• Noisy and Annoying Team

What are UK politicians saying about protests?

The author of this article chose to remain anonymous.


Photo by Jamie Street on Unsplash


What is the right way to protest?


It’s been a common question, especially since Colin Kaepernick first took a knee during the national anthem. Every time people try to protest, those in power say it’s the wrong way.

And the running joke is that they will eliminate every possible option, to the point where the only logical conclusion is that we shouldn’t be protesting at all.


Here’s a conversation between Priti Patel and an LBC host in February 2021:

 

Priti Patel: I don’t support protests, and I also don’t support the protests that were associated with…


Radio Host: You don’t support protests?


Priti Patel: I didn’t support the protests.


Radio Host: Oh that protest. I thought you said you didn’t support protests at all.


[…]


Radio Host: Would you still take the knee, Home Secretary?


Priti Patel: No I wouldn’t. I would not. I would not have at the time either. There are other ways in which people can express their opinions. Protesting in the way in which people did last summer was not the right way at all. And I also think… You know, we saw statues being brought down. Mass dialogue… Well not quite mass dialogue. But some councils making quite frankly a stance around statues and street names. There are other ways in which those discussions can take place. And also, quite frankly I didn’t support that attempt to re-write our history. I thought that was wrong.

 

In a single interview, Priti Patel managed to condemn taking a knee, protesting in the street, expressing your views via local political representatives, mass dialogue, and pulling down the statues of slave traders.


All while still maintaining not once, but twice, that there are other ways to protest. A walking cliché of what I just described. But she’s not alone. Dominic Raab, our Foreign Secretary, a politician you would expect to have a deep understanding of international cultural issues, said he didn’t know where Taking a Knee came from, assuming it “seems to be taken from the Game of Thrones.”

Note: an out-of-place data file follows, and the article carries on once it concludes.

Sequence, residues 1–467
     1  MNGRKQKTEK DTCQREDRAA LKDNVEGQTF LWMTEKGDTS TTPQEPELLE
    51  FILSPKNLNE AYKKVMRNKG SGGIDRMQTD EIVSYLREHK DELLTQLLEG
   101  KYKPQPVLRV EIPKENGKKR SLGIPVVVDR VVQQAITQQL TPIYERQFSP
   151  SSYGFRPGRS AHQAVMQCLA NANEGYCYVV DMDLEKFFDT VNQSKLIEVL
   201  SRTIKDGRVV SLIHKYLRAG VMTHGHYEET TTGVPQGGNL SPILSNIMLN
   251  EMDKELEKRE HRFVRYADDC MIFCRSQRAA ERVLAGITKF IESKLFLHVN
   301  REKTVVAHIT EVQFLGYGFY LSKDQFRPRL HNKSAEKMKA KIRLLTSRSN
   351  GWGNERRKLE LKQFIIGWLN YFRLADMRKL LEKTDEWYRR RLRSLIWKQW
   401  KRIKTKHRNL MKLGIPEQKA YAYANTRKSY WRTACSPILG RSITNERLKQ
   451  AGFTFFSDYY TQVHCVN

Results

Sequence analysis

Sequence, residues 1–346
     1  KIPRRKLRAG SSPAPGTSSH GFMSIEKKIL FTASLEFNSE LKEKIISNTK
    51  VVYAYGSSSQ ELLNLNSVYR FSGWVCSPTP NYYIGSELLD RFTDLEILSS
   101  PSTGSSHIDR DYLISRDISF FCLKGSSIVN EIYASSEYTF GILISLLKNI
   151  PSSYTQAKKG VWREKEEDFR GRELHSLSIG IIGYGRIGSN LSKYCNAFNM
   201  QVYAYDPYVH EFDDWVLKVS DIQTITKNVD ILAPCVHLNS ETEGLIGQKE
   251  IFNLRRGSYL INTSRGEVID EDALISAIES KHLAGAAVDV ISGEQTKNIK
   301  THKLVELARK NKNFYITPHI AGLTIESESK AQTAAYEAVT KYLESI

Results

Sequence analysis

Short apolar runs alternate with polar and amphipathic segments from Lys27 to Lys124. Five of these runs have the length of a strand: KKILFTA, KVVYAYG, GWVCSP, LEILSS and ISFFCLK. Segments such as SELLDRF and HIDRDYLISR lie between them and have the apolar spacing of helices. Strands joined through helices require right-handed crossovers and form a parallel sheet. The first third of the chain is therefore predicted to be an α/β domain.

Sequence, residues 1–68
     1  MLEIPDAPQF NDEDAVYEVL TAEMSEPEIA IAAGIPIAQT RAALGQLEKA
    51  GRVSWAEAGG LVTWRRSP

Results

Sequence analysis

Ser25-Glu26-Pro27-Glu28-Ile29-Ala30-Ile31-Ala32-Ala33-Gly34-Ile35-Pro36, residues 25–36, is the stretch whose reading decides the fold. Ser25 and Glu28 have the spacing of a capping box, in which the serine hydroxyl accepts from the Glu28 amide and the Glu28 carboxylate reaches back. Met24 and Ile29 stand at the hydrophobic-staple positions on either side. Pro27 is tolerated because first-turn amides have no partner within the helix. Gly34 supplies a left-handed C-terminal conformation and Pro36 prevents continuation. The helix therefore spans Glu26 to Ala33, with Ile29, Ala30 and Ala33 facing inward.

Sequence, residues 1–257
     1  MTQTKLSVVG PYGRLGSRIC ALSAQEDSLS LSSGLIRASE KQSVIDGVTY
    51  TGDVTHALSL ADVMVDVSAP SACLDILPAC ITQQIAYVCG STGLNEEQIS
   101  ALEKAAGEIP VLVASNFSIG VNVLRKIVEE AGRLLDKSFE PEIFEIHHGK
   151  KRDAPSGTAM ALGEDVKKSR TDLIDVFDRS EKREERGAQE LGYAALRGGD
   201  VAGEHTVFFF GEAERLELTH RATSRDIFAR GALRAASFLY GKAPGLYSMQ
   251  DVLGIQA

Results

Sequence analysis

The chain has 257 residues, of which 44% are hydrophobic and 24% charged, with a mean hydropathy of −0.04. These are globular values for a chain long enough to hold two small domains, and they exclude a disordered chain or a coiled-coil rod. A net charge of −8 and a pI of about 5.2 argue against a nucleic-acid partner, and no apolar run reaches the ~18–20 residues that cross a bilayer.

In both cases, either they’ve managed to completely avoid hearing about discussions it’s their job to know about, or they’re knowingly trying to attack those who use their right to protest against them. And given how the Policing Bill is drafted, I’d lean towards the latter.

On the government website, which presents the Bill, the fact that “Police Service officers were assaulted by a violent minority during the BLM protests” was used as a reason for the bill. Unless this government needs a new law, fining noisy protesters £2,500, in order to arrest people who assault police officers, you know they’re lying to you.


The truth isn’t even hidden. The traditional libertarian Tories like David Davis and Steve Baker have pointed out that the noisy and annoying clauses undermine the fundamental right to protest and go against core conservative values of individual liberty. The DUP’s Gavin Robinson said that the anti-protest provisions in this bill “would make a dictator blush.” That said, all three men voted for it at Third Reading in Parliament.


So who’s currently fighting our corner? Well, every MP of every party, other than the Conservatives and DUP, voted against the Bill at Third Reading.


Labour MP David Lammy said that "by giving the police the discretion to use these powers some of the time, it takes away our freedoms ALL of the time." He highlighted that the Suffragettes would have been arrested had this law been in place. He went on to reference the arrests at the Sarah Everard vigil: “What about the images of police tackling a mourning woman to the ground [suggests] the police do not have enough [powers] as it stands?”


The Green Party’s Caroline Lucas called it, “an attack on civil liberties and a major extension of state power that is a threat to us all.” SNP leader Ian Blackford said the bill “should be withdrawn immediately.” The Lib Dems’ Daisy Cooper said it would be “giving police arbitrary and unnecessary powers against protesters”. Plaid Cymru’s Liz Saville Roberts said that the arrest at the vigil should be “a wake-up call to us all” in light of this bill.


Whether the right to protest survives 2021 depends on whether the Conservatives act like true conservatives and stand up for individual liberty against the overreach of the state… or whether they betray their party’s traditional values and just jump on Johnson’s command.

 

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